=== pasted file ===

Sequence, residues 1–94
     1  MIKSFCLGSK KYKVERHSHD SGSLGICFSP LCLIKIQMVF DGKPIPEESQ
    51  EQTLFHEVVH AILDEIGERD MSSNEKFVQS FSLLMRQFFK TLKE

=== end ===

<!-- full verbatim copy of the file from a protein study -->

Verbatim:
Sequence, residues 1–94
     1  MIKSFCLGSK KYKVERHSHD SGSLGICFSP LCLIKIQMVF DGKPIPEESQ
    51  EQTLFHEVVH AILDEIGERD MSSNEKFVQS FSLLMRQFFK TLKE